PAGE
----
Who Pays for Bad Quality? Is there a Solution?
Nobody is against Quality. Particularly, when you wear the hat of a customer. At a personal level.
I would like to remind you that your purchase department wears the hat of a customer in the eyes of your suppliers. So the basic question is: Does your purchase department conduct itself as a world-class customer with your suppliers? This question is directed at private as well as governmental organizations and institutions.
We fail as an organization when we purchase goods, based on lowest price offered by alternative suppliers. We succeed when we purchase process capabilities of suppliers for the goods we require.
When we purchase goods at the lowest price we invariably also purchase incapable processes. Incapable processes generate substantial waste, frequent rework, over inspection, etc. These wasteful costs, referred to as Cost Of Poor Quality (COPQ), are factored into the suppliers’ pricing. So who is paying for the suppliers’ inefficiencies? You, the purchase department.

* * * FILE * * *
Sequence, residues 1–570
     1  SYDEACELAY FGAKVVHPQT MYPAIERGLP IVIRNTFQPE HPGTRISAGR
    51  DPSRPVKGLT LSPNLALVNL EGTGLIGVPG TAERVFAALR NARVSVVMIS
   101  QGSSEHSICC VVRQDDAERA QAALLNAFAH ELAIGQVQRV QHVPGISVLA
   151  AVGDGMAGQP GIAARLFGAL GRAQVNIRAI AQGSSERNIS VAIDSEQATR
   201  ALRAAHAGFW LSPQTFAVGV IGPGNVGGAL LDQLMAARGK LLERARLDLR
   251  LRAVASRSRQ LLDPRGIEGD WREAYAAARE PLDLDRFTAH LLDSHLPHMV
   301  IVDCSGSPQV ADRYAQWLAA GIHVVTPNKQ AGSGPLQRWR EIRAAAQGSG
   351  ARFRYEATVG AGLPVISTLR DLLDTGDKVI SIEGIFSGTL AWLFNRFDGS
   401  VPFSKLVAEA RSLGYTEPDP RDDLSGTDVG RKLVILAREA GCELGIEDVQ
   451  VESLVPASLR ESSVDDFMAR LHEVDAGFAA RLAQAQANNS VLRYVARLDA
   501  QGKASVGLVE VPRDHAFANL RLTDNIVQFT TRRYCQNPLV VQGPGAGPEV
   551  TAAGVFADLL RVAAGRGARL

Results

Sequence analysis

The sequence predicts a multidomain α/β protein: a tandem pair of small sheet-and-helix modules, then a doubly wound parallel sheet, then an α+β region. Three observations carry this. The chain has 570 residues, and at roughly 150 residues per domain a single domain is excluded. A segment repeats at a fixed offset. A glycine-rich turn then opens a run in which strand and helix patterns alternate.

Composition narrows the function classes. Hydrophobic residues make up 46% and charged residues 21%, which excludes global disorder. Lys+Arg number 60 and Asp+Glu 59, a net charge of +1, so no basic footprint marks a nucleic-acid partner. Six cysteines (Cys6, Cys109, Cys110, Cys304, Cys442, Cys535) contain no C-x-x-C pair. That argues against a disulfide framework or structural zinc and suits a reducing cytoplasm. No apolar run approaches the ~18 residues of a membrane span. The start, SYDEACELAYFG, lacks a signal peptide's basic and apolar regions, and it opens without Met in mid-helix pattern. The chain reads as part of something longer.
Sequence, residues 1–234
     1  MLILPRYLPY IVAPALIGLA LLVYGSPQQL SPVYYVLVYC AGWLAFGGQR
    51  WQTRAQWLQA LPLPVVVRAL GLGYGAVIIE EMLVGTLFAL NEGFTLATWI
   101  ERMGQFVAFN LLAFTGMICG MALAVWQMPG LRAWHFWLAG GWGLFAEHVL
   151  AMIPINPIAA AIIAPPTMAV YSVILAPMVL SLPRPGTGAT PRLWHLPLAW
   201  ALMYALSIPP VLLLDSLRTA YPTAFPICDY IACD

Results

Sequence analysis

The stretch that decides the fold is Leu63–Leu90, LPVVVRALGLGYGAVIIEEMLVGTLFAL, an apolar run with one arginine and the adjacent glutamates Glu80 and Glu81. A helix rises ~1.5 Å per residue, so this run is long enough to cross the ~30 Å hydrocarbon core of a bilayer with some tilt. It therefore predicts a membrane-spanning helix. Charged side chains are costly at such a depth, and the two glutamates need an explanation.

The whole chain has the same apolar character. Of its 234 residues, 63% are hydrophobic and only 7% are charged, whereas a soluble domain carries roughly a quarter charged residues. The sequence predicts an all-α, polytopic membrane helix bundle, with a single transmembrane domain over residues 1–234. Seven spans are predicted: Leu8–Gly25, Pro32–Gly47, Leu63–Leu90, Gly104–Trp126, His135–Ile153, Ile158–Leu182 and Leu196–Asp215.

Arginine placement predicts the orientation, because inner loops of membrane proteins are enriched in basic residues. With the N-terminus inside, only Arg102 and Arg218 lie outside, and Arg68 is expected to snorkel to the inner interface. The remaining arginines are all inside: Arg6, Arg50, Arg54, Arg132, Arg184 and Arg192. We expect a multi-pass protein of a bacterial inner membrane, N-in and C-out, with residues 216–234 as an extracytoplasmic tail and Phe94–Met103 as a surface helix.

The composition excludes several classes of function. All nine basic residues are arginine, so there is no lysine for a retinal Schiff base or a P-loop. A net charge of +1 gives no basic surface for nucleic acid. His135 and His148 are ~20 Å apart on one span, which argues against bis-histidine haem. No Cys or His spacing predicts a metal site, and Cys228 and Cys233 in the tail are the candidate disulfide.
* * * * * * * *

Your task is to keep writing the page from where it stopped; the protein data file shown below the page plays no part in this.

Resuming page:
What is the order of magnitude of COPQ traceable to the purchase department? At least 10% of total costs!!!
Ultimately, who pays for your purchasing inefficiencies? Your customers. This is a guaranteed method for losing customers and market share!!! Particularly if you are nursing a global vision.
Now, does it not make sense for a ‘supplier process capability’ mindset to sink into the top management of goods and service providers in private and governmental organizations?
Some organizations that have benefited from addressing COPQ in the purchase departments are: Tata Steel, Mahindra Tractor, L&T, Maruti Suzuki, Marico, and more.
*The MADE IN INDIA tiger is a creative representation of the idea behind becoming a manufacturing behemoth in the global markets. Any resemblance to any other logo, is purely unintentional.